True story: in sekolah menengah I was very, very good in Pendidikan Islam. But not because I was smart. I just found out that for any subjective question that I didn’t know the answer, I could put a variation of “untuk kebaikan/kemajuan ummah”, “untuk mempertahankan Islam” or “bertentangan dengan nilai-nilai Islam” and I would get some easy points.
And I have a feeling that some people in the National Fatwa Council operate using the same answers I’ve been taught.
The heuristics to ban things seems to go like this:
Step 1: Does it kinda sorta looks Christian/Buddhist/Hindu/non-Islam ish? If Yes, go to Step 4. If No, go to Step 2.
Step 2: Will this destroy the paper thin iman of Muslims? If Yes, go to step 4. If No, go to step 3.
Step 3: Yes it will. Go to step 4.
Step 4: Choose a reason: “untuk mempertahankan iman ummah”, “kerana bertentangan nilai-nilai syariah” etc
Step 5: Rubber stamp the fatwa.
Step 6: ???
Step 7: Fatwa.
Maybe that’s why despite the good intentions of the National Fatwa Council, who I always imagined as a Jedi council wielding official rubber stamps, sometimes you’d read the latest fatwa and just go, ‘Eh? That also want to ban ar?’
But sometimes common sense does prevail. Early this week, the Court of Appeal laid down the law and declared that Negri Sembilan’s Shariah law criminalising cross-dressing as inconsistent with the Federal Constitution. This was celebrated by Malaysians, as this was considered a win for human rights issue in Malaysia. The Negri Sembilan government, however, are not very happy with the ruling and are looking to file an appeal against it.
But despite this ruling, there are still other fatwas in Malaysia that make you wonder how it even happened in the first place.
Last October, the National Fatwa Council has released a fatwa prohibiting Muslim’s from celebrating Halloween. The council categorised Halloween as a Christian celebration of the dead and against Islamic teachings.
Okay, so maybe like Christmas la. But still can visit friends during Christmas, right?
But they also added that Halloween is also said to be influenced by ancient pagan traditions and linked to the devil, sorcery, ghosts and scary mythological creatures.
Wait, which one is this?
And then, Isma (Ikatan Muslim Malaysia) has also chipped in, claiming it was likely that atheists were behind the events, and that Halloween celebrations were also intended to spread atheism.
Whoa there buddy. Whoa.
So Halloween is not only a Christian celebration, it also has pagan roots, and is most likely organised by atheists??? So if I’m reading this right, not only will it sesatkan the Muslims, it will also sesatkan the Christians due to its pagan roots.
And if you follow the Western tradition of giving out candies, you’re also promoting diabetes.
That’s like 5 levels of sesat already, with health issues thrown in the mix. So if I’m reading this right, we need to stop this atheist-Christian-pagan-diabetes-distributor-party-planner from ruining our faith and insulin levels.
Yoga, an ancient exercise from India that’s famous with the health conscious and white women, was banned in 2008. It was banned on the grounds that yoga was inappropriate for Muslims as it involved “chants” and “acts of worship of the god of another religion” that could corrupt a person causing their faith to be eroded.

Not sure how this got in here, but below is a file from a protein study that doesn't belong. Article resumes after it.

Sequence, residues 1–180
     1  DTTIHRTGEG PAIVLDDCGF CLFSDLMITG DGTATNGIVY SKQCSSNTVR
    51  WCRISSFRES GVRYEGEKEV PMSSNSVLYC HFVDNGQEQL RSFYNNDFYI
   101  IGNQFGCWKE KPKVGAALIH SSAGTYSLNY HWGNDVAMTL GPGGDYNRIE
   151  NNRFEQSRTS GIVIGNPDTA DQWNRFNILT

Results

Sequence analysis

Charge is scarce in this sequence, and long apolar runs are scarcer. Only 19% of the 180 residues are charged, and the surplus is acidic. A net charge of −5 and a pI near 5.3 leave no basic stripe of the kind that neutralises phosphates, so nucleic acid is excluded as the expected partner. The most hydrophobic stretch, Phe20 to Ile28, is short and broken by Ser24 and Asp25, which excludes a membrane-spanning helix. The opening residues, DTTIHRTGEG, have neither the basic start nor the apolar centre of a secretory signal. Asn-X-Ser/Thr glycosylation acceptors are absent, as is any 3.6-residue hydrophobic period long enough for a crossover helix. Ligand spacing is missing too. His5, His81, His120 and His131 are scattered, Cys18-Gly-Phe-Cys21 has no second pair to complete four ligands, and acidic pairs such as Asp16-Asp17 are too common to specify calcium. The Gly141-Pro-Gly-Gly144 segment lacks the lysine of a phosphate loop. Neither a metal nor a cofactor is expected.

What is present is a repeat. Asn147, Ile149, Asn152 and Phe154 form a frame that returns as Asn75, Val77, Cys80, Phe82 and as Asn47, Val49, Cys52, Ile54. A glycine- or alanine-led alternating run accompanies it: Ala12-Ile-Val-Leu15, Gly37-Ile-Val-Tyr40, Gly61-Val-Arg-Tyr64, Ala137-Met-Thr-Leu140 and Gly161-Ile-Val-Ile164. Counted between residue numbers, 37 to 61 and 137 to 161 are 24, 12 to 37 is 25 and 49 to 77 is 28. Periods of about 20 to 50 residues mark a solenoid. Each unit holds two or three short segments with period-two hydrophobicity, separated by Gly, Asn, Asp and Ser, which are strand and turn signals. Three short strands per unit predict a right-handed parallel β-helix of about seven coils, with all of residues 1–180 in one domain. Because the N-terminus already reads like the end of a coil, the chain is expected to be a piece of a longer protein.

This is another one probably filed under “akan merosakkan iman dan akidah umat Islam”, fearing that Muslims will start converting to Hinduism after doing some sun salutations. Interestingly, the BBC has asked the question whether doing yoga makes you a Hindu.
But for the fatwa council maybe, just maybe, as a test, they could do a fact-finding mission to test their theory? Or at least watch a Youtube video, like this one.
Skip to 3:22 for the part where she starts chanting in Sanskrit and will only teach you the next steps after you email her a video of you repeating it.
No, I’m just kidding, she just stretches. The Sanskrit chant comes in the advanced part.
No, I’m just kidding again. She just stands on her head. Show off.
But when you do yoga, since I assume we are independent human beings in full control of ourselves, if, and only if, your yoga instructor asks you to chant, maybe you can say no? And if your instructor is unreasonable and does an evil laugh and says she’ll withhold the secret technique for immortality if you don’t chant, maybe you can say, “Namaste, b***hes” and leave the class for someone who’s sane?
Btw, “Namaste, b***hes” should totally be a t-shirt.
(Note: I totally stole the line “Namaste, b***hes” from Sharul Channa. Watch her. She’s awesome.)
3. Sisters In Islam
At first, I thought they mistook SIS as ISIS, the Syrian extremist organisation. Probably an honest mistake because the fatwa council did ban ISIS. You know how confusing filling in government forms can be. So I came up with a simple way to tell which is which.
This is ISIS.
This is SIS.
In case you have difficulty telling them apart, please note that the SIS ladies are the ones without beards and automatic weapons.
But as it turns out, the fatwa against SIS is not a clerical error.
Sisters In Islam has been labelled as a deviant organisation for promoting liberalism and religious pluralism because, surprise surprise, the fatwa council released a low-key fatwa in July banning exactly that.
I would like to talk more about them but Cilisos’ resident writer UiHua has already written an excellent article on it, where SIS rebutted the accusations hurled against them and more.
4. Tomboyish behaviour
Hooray Malaysia! We’re in Reuters! We’re famous! For issuing a fatwa against tomboys.
Why? Because dressing like a tomboy = lesbian = hot hot lesbian sex.
To show just how surprising the ruling is not just for us, but for everyone outside of Malaysia, I will quote verbatim the report on the National Fatwa Council’s statement.
“There are teenage girls who prefer the male lifestyle including dressing up in men’s clothes,” it quoted council chairman Abdul Shukor Husin as saying. “More worryingly, they have started to engage in sexual activities.”
He gave no other details.